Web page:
BIND primary and secondary DNS server

bind

Last weeks BIND post cost me more time than I could’ve imagined. You can have a forwarding or caching server running in a matter of minutes, but fiddling with listening addresses and ACLs took me a bit more time.

In retrospect, it was not hard, but I stumbled upon a couple of problems like the IPv6 one as described in that post. Anyway, today I’m setting up a full primary and secondary DNS server.

We’re building upon the caching server and we can leave the /etc/bind/named.conf.local file as we left it last week:

# Create an access control list (ACL)
acl localauthorized {
	127.0.0.1;
	192.168.33.0/24;
};

# Server options
options {
	# Default options
	directory "/var/cache/bind";
	auth-nxdomain no;
	listen-on-v6 { any; };

	# ACL config
	recursion yes;
        listen-on { 127.0.0.1; 192.168.33.10; };
	allow-recursion { localauthorized; };
        allow-transfer { none; };  
	
	# Enable DNSSec
	dnssec-enable yes;
	dnssec-validation yes;
};

The next file to edit is the /etc/bind/named.conf.local to specify our zones and zonefiles:

//
// Do any local configuration here
//
zone "cloudpro.vm" {
	type master;
	file "db.cloudpro.vm";
	allow-transfer { 192.168.33.11; };
};

zone "33.168.192.in-addr.arpa" {
	type master;
	file "db.33.168.192";
	allow-transfer { 192.168.33.11; };
};

So this maybe needs a bit of explanation. The 192.168.33.11 will be our secondary DNS server and my test domainname is cloudpro.vm. Mind the ‘file’ directive. Since we’ve specified the directory in our named.conf.local, we don’t need the full path here. You could however and then it should be:

file "/var/cache/bind/db.cloudpro.vm";
file "/var/cache/bind/db.33.168.192";

The ‘33.168.192.in-addr.arpa’ is used for reversed lookups and the naming is standard with DNS, so be sure to at least keep the ‘in-addr.arpa‘ part.

So lets create these files, right? We can build them from scratch, or copy them from the defaults:

# cp /etc/bind/db.local /var/cache/bind/db.cloudpro.vm
# cp /etc/bind/db.127 /var/cache/bind/db.33.168.192

First we’re editing our db.cloudpro.vm forward lookup zone file:

;
; BIND forward lookup zone for the cloudpro.vm domain
;

$TTL	300
@	IN	SOA	cloudpro.vm root.cloudpro.vm (
			      3		; Serial
			 604800		; Refresh
			  86400		; Retry
			2419200		; Expire
			 604800 )	; Negative Cache TTL

;
; cloudpro.vm nameserver configuration
;

			IN	NS	ns1.cloudpro.vm.
			IN	NS	ns2.cloudpro.vm.
ns1.cloudpro.vm.	IN	A	192.168.33.10
ns2.cloudpro.vm.	IN	A	192.168.33.11

;
; cloudpro.vm A records
;

mail.cloudpro.vm.	IN	A	192.168.33.20
web.cloudpro.vm.	IN	A	192.168.33.21
db.cloudpro.vm.		IN	A	192.168.33.22

;
; cloudpro.vm CNAME records
;

smtp.cloudpro.vm.	IN	CNAME	mail.cloudpro.vm.
imap.cloudpro.vm.	IN	CNAME	mail.cloudpro.vm.
www.cloudpro.vm.	IN	CNAME	web.cloudpro.vm.
mysql.cloudpro.vm.	IN	CNAME	db.cloudpro.vm.

I’ve set the TTL to 5 minutes and did some formatting. The comments should clear things up a bit. Most important note while editing these files, is that you should increment the ‘Serial’ by 1, every time you make a change and save the file.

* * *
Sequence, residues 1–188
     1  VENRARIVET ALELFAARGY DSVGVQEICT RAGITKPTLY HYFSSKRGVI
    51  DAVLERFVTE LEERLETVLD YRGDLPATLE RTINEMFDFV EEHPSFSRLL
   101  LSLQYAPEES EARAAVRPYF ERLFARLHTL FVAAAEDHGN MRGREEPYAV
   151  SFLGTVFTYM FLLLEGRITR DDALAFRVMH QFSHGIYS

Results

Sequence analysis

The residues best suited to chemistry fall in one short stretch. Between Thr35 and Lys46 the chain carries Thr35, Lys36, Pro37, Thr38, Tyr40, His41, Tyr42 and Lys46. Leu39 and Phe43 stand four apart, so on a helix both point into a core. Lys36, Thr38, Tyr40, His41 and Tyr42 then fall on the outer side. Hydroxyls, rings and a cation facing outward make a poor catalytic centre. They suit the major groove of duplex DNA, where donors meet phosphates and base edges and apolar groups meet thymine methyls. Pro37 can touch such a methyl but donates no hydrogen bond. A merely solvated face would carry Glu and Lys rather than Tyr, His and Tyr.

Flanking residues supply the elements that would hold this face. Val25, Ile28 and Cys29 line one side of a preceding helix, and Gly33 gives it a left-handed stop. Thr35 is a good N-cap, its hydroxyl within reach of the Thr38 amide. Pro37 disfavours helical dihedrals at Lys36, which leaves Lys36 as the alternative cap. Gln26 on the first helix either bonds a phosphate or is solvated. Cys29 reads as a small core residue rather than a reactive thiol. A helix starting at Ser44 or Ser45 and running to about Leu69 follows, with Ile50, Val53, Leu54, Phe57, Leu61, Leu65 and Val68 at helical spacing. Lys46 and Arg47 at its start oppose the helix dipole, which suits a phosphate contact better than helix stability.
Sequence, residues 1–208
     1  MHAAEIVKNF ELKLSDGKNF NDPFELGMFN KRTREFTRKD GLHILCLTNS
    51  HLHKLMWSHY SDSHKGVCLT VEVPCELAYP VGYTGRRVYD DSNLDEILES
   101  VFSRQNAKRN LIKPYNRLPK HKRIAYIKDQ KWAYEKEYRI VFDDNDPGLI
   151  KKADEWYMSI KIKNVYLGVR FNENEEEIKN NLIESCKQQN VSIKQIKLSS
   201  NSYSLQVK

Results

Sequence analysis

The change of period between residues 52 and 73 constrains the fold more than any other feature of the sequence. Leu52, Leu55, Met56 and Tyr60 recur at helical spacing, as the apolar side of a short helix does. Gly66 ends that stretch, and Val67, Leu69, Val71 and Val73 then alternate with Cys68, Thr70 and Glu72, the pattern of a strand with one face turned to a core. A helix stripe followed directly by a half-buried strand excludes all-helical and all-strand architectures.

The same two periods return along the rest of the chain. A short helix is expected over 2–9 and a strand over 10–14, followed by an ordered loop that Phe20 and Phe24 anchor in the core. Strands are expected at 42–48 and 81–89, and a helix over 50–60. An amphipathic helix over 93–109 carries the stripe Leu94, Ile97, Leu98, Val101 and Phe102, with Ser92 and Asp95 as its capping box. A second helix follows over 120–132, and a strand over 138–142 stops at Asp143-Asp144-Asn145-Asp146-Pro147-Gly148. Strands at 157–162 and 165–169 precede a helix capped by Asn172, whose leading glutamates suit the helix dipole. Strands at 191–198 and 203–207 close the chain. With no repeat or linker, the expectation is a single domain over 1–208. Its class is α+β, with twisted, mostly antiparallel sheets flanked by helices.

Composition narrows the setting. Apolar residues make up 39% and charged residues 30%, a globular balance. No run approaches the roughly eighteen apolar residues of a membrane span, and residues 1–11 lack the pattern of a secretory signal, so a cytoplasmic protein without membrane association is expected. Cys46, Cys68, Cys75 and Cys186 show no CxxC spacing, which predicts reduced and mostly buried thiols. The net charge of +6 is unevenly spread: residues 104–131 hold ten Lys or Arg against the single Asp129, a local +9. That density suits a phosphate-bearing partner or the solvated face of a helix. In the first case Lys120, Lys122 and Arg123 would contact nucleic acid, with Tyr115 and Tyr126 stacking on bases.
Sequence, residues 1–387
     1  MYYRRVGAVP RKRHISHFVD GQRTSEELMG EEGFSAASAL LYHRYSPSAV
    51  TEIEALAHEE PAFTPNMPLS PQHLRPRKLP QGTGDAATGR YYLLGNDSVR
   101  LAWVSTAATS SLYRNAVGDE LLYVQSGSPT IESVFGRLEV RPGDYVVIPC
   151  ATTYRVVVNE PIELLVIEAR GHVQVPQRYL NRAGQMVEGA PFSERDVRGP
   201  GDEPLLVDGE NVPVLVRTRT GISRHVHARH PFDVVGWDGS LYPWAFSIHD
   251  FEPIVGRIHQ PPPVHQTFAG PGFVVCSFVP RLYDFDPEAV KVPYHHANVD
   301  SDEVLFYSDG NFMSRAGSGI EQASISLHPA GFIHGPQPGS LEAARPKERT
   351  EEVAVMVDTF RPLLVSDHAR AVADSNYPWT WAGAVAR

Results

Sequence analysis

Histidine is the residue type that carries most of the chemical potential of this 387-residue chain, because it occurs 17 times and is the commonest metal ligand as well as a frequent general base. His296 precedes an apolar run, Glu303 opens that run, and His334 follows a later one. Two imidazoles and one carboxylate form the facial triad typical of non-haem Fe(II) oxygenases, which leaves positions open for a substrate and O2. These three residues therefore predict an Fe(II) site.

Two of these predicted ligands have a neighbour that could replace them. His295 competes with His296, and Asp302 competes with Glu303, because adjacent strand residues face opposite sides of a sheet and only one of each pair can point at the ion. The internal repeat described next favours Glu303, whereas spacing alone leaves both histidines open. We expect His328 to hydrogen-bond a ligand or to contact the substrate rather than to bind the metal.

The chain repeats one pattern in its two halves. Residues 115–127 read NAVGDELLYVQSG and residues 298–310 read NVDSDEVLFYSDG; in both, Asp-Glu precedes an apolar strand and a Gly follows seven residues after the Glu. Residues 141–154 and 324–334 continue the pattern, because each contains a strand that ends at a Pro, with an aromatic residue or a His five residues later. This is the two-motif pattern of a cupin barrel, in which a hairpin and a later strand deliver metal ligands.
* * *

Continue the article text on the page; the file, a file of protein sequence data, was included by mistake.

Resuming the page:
Check your zone file:

# named-checkzone cloudpro.vm /var/cache/bind/db.cloudpro.vm

When this returns an OK, move on to the db.33.168.192 reverse lookup zone file:

;
; BIND reversed lookup zone for the cloudpro.vm domain
;

$TTL	300
@	IN	SOA	cloudpro.vm. root.cloudpro.vm. (
			      4		; Serial
			 604800		; Refresh
			  86400		; Retry
			2419200		; Expire
			 604800 )	; Negative Cache TTL

;
; cloudpro.vm nameserver configuration
;

	IN	NS	ns1.cloudpro.vm.
	IN	NS	ns2.cloudpro.vm.
10	IN	PTR	ns1.cloudpro.vm.
11	IN	PTR	ns2.cloudpro.vm.

;
; cloudpro.vm pointer records
;

20	IN	PTR	mail.cloudpro.vm.
21	IN	PTR	web.cloudpro.vm.
22	IN	PTR	db.cloudpro.vm.

CNAME records don’t have PTR records so that’s why they are missing in the above file. As with the forward zone, check this zone as well:

# named-checkzone 33.168.192.in-addr-arpa db.33.168.192

When this returns an OK, we can do I final config check, restart the service and perform different tests:

# named-checkconf
# systemctl restart bind9
# dig mail.cloudpro.vm @127.0.0.1
# dig www.cloudpro.vm @127.0.0.1
# dig www.apple.com @127.0.0.1
# dig -x 192.168.33.11 @127.0.0.1
# dig -x 192.168.33.22 @127.0.0.1
# dig -x 1.1.1.1 @127.0.0.1
# journalctl --unit bind9

From another machine in the same subnet all tests should result in the same answers, when querying this server.

Lets get on with our second nameserver, in my case ns2.cloudpro.vm with IP number 192.168.33.11:

# apt install bind9
# vi /etc/default/bind

As stated last week, make BIND startup in IPv4 mode by editing the above file:

OPTIONS="-u bind -4"

Edit the /etc/bind/named.conf.options file to read:

# Create an access control list (ACL)
acl localauthorized {
	127.0.0.1;
	192.168.33.0/24;
};

# Server options
options {
	# Default options
	directory "/var/cache/bind";
	auth-nxdomain no;
	listen-on-v6 { any; };

	# ACL config
	recursion yes;
        listen-on { 127.0.0.1; 192.168.33.11; };
	allow-recursion { localauthorized; };
        allow-transfer { none; };  

	# Enable DNSSec
	dnssec-enable yes;
	dnssec-validation yes;
};

Edit the /etc/bind/named.conf.local file to read:

//
// Do any local configuration here
//
zone "cloudpro.vm" {
	type slave;
	file "db.cloudpro.vm";
	masters { 192.168.33.10; };
};

zone "33.168.192.in-addr.arpa" {
	type slave;
	file "db.33.168.192";
	masters { 192.168.33.10; };
};

You should be good to go. Test, restart and test some more:

# named-checkconf
# systemctl restart bind9
# dig imap.cloudpro.vm @127.0.0.1
# dig www.linux.com @127.0.0.1
# dig -x 192.168.33.21 @127.0.0.1
# dig -x 1.1.1.1 @127.0.0.1
# journalctl --unit bind9

Finally point any local client in the same subnet to your primary and secondary DNS servers to make use of your hard work.

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